Another book down on the Heinlein reading project, and (whoa) 32 to go. Podkayne of Mars came out in 1963, after Starship Troopers and Stranger in a Strange Land, and it's another indication of how easily Heinlein could shift tone and topic even within the SF genre.
The first-person (usual) narrator, Podkayne, is neither a tough-as-nails space marine, nor an orphaned Terran raised by Martians. Poddy is an eight-year-old human girl, born and raised by humans on Mars.
Sorry, that's eight Martian years. As she takes pains to point out, you multiply by 1.8808 to get Earth years. By dubious political/legal maneuverings, she and her younger genius/sociopath brother Clark wangle a grand tour of the inhabited planets aboard the luxury spaceliner Tricorn, escorted by Great-uncle Tom.
Well, they get as far as Venus.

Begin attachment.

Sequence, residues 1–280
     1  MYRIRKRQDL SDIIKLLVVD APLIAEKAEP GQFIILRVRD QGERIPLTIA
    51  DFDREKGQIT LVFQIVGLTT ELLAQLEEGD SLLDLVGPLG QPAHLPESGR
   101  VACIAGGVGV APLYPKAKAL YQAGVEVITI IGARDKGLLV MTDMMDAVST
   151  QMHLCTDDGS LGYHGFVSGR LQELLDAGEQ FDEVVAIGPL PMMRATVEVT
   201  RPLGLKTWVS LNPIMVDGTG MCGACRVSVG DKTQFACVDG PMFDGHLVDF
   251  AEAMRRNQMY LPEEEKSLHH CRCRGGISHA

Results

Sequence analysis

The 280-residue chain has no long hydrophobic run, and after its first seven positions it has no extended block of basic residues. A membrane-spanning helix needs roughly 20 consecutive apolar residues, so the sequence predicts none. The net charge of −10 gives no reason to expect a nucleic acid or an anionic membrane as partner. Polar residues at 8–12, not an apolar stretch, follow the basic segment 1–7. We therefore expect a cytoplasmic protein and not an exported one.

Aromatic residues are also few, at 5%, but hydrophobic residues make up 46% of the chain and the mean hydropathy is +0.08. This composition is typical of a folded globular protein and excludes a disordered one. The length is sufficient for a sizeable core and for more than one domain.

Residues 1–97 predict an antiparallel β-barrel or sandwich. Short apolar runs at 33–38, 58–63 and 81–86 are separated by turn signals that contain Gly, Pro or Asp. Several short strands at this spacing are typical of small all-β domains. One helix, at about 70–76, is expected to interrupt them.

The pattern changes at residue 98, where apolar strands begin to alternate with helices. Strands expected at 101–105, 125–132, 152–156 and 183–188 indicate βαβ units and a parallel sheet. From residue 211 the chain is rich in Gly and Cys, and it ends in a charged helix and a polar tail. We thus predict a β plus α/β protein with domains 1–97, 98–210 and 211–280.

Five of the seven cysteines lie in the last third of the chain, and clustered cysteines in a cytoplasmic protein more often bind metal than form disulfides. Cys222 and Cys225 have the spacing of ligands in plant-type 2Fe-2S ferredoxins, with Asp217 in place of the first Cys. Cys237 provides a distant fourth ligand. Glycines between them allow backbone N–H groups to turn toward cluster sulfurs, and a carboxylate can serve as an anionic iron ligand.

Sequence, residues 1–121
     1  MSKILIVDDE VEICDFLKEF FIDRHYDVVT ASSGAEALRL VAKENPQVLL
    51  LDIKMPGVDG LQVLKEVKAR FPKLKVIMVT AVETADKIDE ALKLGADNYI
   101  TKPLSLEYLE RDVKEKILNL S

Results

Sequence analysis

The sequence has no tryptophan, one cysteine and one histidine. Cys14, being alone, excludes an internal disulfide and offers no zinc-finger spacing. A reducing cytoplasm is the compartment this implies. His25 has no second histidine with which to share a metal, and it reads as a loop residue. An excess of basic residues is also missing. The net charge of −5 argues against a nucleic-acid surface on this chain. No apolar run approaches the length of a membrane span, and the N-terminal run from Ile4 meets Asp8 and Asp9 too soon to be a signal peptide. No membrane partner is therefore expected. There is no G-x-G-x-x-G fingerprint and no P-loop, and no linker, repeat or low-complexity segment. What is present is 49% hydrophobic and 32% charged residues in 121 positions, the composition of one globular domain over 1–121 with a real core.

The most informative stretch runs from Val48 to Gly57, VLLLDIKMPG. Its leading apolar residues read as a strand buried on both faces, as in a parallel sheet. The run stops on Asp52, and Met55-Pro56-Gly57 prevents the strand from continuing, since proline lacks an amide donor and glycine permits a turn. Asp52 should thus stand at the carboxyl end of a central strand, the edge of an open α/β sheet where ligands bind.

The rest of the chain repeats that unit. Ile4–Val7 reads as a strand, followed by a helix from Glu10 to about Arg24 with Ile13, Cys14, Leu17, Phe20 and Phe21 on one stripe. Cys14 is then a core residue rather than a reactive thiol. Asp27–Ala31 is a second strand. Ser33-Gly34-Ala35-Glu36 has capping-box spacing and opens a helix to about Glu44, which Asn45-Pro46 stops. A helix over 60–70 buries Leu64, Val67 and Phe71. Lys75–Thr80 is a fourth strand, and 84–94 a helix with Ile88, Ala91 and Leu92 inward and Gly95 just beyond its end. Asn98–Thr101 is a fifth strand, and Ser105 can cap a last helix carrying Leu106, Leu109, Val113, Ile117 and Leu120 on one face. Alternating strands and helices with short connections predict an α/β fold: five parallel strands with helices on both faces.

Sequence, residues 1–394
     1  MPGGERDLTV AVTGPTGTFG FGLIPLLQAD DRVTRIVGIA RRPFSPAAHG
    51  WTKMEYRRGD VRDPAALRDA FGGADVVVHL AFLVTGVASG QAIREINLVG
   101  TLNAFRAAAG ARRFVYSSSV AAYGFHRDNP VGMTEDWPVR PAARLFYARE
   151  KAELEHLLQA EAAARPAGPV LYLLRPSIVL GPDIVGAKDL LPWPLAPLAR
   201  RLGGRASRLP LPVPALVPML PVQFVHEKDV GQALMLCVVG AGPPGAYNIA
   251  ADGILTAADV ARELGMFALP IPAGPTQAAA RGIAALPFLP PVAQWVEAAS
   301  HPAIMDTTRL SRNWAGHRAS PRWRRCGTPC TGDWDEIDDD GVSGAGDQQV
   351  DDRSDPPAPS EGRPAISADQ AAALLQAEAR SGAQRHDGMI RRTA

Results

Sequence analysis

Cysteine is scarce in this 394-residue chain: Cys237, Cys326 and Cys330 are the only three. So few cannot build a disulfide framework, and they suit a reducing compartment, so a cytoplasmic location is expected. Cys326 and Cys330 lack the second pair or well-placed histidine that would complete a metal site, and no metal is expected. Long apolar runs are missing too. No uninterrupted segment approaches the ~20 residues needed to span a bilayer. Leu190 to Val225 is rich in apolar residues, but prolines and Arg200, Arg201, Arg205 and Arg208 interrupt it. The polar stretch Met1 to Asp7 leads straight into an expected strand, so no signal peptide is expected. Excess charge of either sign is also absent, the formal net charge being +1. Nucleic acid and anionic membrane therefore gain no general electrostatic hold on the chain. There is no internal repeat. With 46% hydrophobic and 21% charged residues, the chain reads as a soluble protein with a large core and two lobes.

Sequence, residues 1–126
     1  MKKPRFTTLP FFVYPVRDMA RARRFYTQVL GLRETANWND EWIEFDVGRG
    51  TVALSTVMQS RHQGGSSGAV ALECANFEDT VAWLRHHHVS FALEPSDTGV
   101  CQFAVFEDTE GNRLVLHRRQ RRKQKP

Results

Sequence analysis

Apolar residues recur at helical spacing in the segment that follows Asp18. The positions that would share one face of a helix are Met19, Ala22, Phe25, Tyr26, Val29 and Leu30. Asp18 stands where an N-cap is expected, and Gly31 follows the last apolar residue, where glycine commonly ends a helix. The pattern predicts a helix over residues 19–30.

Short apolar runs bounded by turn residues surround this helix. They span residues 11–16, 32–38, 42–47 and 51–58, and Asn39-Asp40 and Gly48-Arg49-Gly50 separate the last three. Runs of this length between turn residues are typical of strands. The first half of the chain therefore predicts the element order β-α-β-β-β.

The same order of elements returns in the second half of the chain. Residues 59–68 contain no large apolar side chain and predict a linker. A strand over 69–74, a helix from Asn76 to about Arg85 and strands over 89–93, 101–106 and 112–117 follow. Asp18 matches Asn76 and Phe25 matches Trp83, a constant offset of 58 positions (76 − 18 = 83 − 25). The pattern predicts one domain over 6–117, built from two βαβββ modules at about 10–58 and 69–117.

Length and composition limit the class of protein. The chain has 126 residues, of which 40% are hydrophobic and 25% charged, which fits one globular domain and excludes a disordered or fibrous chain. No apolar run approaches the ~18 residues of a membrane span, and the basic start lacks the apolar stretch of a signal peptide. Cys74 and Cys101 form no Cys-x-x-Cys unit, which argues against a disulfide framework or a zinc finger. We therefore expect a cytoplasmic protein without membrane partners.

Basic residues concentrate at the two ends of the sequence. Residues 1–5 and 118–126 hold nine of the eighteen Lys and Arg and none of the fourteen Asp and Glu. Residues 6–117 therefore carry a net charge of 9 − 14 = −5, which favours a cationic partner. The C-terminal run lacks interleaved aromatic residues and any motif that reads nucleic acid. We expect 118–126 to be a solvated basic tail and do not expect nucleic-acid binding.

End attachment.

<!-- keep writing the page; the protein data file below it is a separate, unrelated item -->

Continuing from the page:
I found it pretty enjoyable, and if you're gonna gripe about Mr. Heinlein writing in the voice of a very precocious teenage girl… well, how would you know about how such a girl, raised on a future Mars, might think, act, and say? Hmph.
It's all fun and games until… whoa… about three-quarters of the way through the book, where the dangerous hints previously sprinkled throughout come to a head. The true point of Uncle Tom's journey to Earth is revealed, as are the murderous lengths to which his political opponents will go to thwart him.
Consumer note: I got the "original" version of the book in paperback (retail $0.95, but I got used, marked down to $0.50). Since then, Heinlein's original ending to the book has come to light and it's very different. He was pressured to change the ending at the very last minute; just one page, but a 180° shift in tone. I understand current editions have both endings in place. The book's Wikipedia page has the details, but avoid that if you're spoiler-adverse.